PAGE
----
Gucci??s Miniseries Had Major Ambitions Is fashion fit for the content-creation business?76dgVfT92wvolZEu
Ouverture of Something That Never Ended ?? a title that requires scaffolding ?? consists of seven short episodes using a day-in-the-life formula, the day belonging to a will-o??-the-wisp actress named Silvia Calderoni. Set in Rome and co-directed by Gus Van Sant and Gucci??s Alessandro Michele, Ouverture features cameos by, among others, Billie Eilish and Harry Styles. There??s little dialogue, and much of it is doggerel (??Your body is like a pearl?? is a gem). Although many of the scenes are beautifully and simply shot, especially those set in Calderoni??s flat and among Rome??s monuments, the film is largely a vehicle for Michele??s latest collection and his message of love. In fact, it was on the back of a football jersey: ??Blind for love.??
Because of the pandemic, many designers have sought to break out of their routine this year ?? Demna Gvasalia with a video of Balenciaga models in nighttime Paris, Jonathan Anderson with a portfolio-size book of images for Loewe. Indeed, the desire to transcend the limits of the runway has been strong for a while, and we have seen some extraordinary efforts, like Marc Jacobs??s collaboration in February with Karole Armitage. Michele??s project is by far the most ambitious: an episodic series involving a major director and two pop stars, aimed at the 41 million followers of Gucci??s Instagram.
For several reasons, the series doesn??t work. It needs a stronger story line, a real story, something that might actually compel you to check out the next episode rather than simply wait for it to pop up on your feed. (I noticed the number of views had dropped sharply by the last episode, though they soared again for Eilish??s segment. Well, why not?) Styles and Eilish seem, on the whole, detached from the rest of the action, two satellites orbiting the Earth. And Styles, dressed in cutoffs and a pink Gucci top, has a silly bit of dialogue about art. Calderoni is the most striking individual in the film ?? catlike and of vague gender, she looks marvelous in all the outfits and accessories she wears, particularly a black tulle jumpsuit in the opening scene, aviator glasses, and a men??s three-piece suit in the closer.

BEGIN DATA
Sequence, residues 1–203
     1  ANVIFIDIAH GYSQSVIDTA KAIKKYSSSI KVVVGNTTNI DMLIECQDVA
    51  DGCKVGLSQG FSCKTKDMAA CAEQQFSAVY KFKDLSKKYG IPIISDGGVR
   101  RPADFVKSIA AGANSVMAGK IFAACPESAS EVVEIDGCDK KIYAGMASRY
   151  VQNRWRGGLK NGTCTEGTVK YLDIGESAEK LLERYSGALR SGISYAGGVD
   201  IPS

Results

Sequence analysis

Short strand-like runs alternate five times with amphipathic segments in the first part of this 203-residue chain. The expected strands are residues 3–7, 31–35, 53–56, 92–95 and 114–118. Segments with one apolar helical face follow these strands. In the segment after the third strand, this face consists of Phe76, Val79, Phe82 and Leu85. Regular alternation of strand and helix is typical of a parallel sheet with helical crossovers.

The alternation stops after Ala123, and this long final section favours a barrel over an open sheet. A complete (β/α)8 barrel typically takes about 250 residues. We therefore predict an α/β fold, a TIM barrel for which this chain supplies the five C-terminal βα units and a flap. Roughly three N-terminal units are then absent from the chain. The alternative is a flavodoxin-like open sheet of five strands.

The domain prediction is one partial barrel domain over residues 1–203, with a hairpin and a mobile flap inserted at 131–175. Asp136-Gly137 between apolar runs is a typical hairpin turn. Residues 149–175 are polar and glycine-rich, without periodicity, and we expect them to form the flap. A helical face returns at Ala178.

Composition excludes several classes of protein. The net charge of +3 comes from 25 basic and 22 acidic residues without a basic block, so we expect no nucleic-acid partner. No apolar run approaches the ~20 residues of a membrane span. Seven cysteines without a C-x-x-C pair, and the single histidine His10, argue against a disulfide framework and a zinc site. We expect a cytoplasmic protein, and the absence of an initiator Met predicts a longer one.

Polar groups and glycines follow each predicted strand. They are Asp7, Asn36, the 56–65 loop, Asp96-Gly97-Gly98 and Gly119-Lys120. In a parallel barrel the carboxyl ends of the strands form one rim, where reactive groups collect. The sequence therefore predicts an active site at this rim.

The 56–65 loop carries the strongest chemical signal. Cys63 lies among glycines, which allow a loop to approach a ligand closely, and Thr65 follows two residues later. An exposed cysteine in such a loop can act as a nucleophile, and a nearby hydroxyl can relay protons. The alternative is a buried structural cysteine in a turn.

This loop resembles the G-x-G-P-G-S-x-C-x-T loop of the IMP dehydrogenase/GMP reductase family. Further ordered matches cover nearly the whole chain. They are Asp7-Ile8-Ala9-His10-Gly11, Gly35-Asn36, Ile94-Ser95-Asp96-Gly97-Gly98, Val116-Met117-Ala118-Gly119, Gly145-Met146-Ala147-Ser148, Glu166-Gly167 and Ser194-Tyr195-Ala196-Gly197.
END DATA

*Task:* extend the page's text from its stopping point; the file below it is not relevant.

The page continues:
Ouverture also lacks humor, unless you count the robotic dogs ?? the work of Boston Dynamics ?? that scamper around Eilish. Or the sight of Van Sant himself stepping out in a loud plaid suit. The pandemic is hardly a moment for mirth, but wit and irony are rarely Michele??s thing. In fact, much of the industry has a problem with funny.
Maybe what really hobbles this project is the very thing that makes it possible: Gucci??s brand power. Everyone and everything, including an interesting script, has to bend to that.
Of course, making a movie or a series like The Crown is an altogether different business. It takes months to develop a script and create wardrobes. Based on what Michele and Van Sant said at a recent press conference, they had a month or so to put everything together with about two weeks for filming. And good designers are always mindful of the moment. That??s why Michele simplified his designs this season and actually repeated some styles from his first Gucci collection from 2015. People are still likely to be at home for a while. By the same token, he can??t design stuff that??s too far ahead, as he would have to in order to suit the production schedule of a film.
Still, Michele was right to take a risk with his movie. There??s a lot of potential in the episodic format, Van Sant said at the press conference. Oddly, while watching the series, I thought not of The Crown but I May Destroy You, by the electric and mouthy Michaela Coel, and Fleabag. Half the thrill of those shows is the sharp, brisk dialogue matched by a very cool, tossed-off sartorial style. If a designer brand had some of that verve in a film, even a small film, with an emphasis on story, I??d watch it ?? and I might just click on the products if they were embedded.